Padraig lenihan consolidating conquest
Cromwell is easily Irish history’s most resistant figure to a favourable re-evaluation.
A member of a long-standing Drogheda family, I grew up close to where the walls of the town were breached on 9/11 1649. As a young adult I joined the Old Drogheda Society and a short glimpse into local history later I began to question the truth about the massacres.
About 3,000 men, women and children were killed.’ No ambiguity there.
The teacher then picks up a second history book, published by Harper Collins in 2002, where the veracity of the civilian atrocity stories is debated at some length and alternative interpretations presented. The name ‘Cromwell’ is so talismanic that its very invocation still causes Irish hearts to stir.
The documented evidence for the period is fraught with inconsistencies as contemporary writers sought to convince with motives that were either genuine or ulterior.
My study was published in 1999, the 350th anniversary of the ‘massacres’.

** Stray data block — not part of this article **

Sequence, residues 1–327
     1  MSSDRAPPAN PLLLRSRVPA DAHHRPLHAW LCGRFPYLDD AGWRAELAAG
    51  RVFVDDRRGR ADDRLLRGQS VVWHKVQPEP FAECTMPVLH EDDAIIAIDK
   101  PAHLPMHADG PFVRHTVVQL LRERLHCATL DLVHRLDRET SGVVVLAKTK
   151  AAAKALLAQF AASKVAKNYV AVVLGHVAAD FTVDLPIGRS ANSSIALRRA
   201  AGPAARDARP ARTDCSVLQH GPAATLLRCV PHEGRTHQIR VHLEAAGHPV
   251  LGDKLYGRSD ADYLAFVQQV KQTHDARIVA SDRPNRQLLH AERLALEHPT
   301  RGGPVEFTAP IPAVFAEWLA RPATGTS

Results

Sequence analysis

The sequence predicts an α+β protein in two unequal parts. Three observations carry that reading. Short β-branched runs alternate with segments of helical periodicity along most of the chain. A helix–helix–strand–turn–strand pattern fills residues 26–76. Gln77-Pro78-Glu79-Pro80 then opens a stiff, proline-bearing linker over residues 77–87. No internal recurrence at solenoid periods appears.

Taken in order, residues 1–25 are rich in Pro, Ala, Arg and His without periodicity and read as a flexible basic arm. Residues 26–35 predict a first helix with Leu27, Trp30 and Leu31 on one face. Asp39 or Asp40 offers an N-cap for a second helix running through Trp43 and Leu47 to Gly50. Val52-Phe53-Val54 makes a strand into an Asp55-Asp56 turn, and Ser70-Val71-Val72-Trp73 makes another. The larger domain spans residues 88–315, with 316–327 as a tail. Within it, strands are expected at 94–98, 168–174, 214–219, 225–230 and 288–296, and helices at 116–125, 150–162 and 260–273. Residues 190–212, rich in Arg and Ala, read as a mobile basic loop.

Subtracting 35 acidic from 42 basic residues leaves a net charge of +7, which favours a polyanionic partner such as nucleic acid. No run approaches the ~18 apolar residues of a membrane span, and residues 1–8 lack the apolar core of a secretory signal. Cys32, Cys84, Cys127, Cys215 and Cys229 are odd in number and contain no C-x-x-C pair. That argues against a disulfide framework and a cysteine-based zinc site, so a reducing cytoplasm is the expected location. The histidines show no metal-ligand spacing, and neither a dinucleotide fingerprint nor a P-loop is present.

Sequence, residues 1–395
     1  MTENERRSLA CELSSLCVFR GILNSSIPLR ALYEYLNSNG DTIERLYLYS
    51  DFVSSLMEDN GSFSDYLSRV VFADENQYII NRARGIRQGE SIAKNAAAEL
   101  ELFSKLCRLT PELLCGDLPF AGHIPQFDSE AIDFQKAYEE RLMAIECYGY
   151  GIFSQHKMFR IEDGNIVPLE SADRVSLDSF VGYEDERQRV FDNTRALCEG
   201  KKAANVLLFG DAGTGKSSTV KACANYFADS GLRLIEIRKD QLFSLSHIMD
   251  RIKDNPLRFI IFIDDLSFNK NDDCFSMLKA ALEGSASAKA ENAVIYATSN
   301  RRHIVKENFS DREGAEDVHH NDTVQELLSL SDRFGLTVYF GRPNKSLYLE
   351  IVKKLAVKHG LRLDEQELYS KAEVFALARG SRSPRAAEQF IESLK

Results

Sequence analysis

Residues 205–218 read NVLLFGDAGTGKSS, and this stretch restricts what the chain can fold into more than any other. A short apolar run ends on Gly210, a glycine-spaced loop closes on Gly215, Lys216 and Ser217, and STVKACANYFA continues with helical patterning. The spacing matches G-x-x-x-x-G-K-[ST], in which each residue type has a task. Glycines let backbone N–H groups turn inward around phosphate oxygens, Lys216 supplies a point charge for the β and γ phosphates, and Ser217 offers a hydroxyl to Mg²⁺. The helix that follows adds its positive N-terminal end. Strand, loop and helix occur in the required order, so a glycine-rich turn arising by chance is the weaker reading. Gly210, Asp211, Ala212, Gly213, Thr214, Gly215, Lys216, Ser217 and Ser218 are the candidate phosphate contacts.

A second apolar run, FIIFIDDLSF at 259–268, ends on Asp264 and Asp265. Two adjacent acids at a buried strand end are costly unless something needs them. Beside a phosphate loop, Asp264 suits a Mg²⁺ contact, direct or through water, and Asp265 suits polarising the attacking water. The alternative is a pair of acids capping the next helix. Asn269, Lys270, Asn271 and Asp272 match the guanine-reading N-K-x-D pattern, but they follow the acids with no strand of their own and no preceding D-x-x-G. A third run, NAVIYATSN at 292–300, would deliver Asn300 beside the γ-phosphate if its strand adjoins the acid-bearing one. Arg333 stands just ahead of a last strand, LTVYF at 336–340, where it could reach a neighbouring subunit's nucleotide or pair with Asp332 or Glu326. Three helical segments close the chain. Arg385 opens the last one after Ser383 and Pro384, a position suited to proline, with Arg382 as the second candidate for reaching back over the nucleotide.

Many Irish historians of the 17th-century refuse to accept the arguments outlined in my book and insist that its methodology is flawed and that therefore its thesis is rendered useless.
Jason Mc Elligott (, 2008) still take the view that large numbers of unarmed civilians, men, women and children, were deliberately slaughtered under Cromwell’s orders at Drogheda and Wexford.
Here I read about the activities of hundreds of Drogheda people who went about their daily business in the days immediately after Cromwell’s visit.
So it couldn’t have been the ‘entire population’ of Drogheda then.was the organised colonisation (plantation) of Ulster – a province of Ireland – by people from Great Britain during the reign of King James I.